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Two Heads Are Better Than One

Is translation an art or a craft? Yes. There is a definitely a technical side to translating – such as the grammatical structure of a sentence in a given language and just the basic knowledge of the corresponding word in the target language from that of the source language. But, I definitely feel that there is an art to it as well - that is when experience and knowledge in both the source and target language are very useful. The common thought is that translating into ones native language is the ideal scenario because it is easier for the translator to produce an end product that is readable and comprehensive for someone that is reading it in that target language. But, I feel that equal experience and knowledge of the source language can be very valuable, as well.

We just finished an entire book, and the author loved to used terms and idioms that you definitely couldn’t translate literally and convey the intended meaning of the author. On top of that, there were several words that had different connotations, depending on the context, that greatly influenced which word would best express the meaning of the original word. It was times like these that I was thankful that my wife and I can team up to do the translation. She is a native Spanish speaker born and raised in Mexico, and I am a native English speaker from the U. S. We feel by having these two different backgrounds we have been able to deliver to our clients a finished product that we can be confident in, as far as handing to them a document that accurately represents the original document but in another language.

The author of the book that we just translated liked to use terms like “knock off” and “get your arms around …” which have both a literal meaning and connotative meanings. Did you just knock off something onto the floor, or did you buy a cheap imitation? Did you try to hug someone, or did you try to understand a concept? Which is the right one to reflect the thought of the author? How about the term “wife beater”? Are we talking about someone in an abusive relation or a type of undershirt? Choosing the right words will definitely impact how the finished document is understood! The context, of course, is the key to figuring it out, but without knowledge of the source language, choosing the correct word(s) becomes a challenge. The artistic part of translating is figuring out those subtleties in meaning, and then choosing a word in the target language that conveys that same thought, while still trying to maintain the “colorful language” used by the author. It is said that, “Words in a second language are in black and white, while words in the original are in color.” To “carry across” (the literal meaning of the word – Translate) some of that color from the original language to target language is part of the art. The key in being able to do this is having a familiarity in both the source and target languages.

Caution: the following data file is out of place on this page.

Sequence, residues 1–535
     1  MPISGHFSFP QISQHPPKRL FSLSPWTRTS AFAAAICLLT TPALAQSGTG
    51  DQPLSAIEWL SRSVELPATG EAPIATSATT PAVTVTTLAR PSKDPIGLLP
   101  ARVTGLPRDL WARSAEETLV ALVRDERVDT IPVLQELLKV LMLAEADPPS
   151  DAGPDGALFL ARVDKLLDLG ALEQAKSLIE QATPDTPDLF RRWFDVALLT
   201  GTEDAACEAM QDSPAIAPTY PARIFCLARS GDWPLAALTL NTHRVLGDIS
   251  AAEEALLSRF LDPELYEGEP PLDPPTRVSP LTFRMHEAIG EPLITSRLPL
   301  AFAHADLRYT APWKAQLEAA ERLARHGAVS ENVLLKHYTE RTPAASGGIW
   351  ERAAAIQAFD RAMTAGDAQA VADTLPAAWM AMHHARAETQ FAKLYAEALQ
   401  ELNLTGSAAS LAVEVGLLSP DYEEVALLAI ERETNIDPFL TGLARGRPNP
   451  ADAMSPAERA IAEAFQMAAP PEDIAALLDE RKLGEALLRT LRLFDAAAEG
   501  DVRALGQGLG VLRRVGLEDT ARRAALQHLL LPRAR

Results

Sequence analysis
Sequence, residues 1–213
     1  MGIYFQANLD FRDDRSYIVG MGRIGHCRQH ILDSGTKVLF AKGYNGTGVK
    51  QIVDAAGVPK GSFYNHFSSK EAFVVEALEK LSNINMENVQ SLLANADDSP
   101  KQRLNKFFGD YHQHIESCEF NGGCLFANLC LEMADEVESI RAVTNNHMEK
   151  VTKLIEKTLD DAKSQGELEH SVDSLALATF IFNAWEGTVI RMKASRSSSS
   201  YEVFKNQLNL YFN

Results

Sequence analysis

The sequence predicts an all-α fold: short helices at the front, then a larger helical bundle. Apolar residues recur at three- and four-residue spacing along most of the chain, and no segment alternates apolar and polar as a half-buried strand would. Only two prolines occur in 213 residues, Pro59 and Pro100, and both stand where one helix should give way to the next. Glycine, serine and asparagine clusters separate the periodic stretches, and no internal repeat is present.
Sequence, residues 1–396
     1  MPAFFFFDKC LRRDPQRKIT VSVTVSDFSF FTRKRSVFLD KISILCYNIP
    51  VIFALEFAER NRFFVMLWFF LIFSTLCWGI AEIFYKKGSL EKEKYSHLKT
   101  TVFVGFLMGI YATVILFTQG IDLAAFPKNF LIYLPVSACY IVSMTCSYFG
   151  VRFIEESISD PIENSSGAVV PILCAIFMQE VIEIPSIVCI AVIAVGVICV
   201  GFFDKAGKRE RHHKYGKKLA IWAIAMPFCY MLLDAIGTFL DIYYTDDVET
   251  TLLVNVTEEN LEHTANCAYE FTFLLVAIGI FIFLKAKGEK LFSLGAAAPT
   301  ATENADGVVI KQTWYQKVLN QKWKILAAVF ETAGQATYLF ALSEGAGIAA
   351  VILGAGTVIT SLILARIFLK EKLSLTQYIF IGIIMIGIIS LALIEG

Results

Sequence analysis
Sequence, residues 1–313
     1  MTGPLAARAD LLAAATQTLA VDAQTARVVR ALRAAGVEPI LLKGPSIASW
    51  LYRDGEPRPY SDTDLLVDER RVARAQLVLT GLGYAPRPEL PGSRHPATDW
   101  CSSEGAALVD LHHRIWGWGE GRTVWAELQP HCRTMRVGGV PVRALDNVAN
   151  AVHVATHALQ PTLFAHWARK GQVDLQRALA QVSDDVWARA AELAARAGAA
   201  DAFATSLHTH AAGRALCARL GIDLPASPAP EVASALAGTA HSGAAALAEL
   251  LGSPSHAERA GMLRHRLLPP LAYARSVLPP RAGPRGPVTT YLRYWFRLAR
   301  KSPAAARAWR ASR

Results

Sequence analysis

Culture is another factor to consider to help carry over the meaning to another language. I’ve had the privilege of living in Mexico for several years, and I have found that experience to be invaluable in being able to translate documents between English and Spanish. Visiting Costa Rica and having friendships with people from other Spanish speaking countries has also helped me to learn the many variations from region to region that can be found even within the same language. The same can be said for English. Although I have not visited other English speaking countries, having lived in different regions within the United States, I have learned that there are differences in word usage from place to place even within the same country. Watching TV and seeing programs from or about other countries can be helpful in learning how words are used in other places. So next time, someone is accusing you of watching too much television, just tell them that you are doing research!

When we receive something to translate, my wife and I team up, and we go over the original English document looking for these types of terms and idioms. After reading the context around the words in question and figure out what the author is trying to express, I explain it to my wife, which is then able to choose the word or words that best help paint the same picture in Spanish. If you are not blessed with such a spouse, partner, etc., I would recommend that you either find someone – although you do not necessarily have to marry them – that you can partner with that has the experience and knowledge of the source language and culture, or gain that knowledge and experience yourself.

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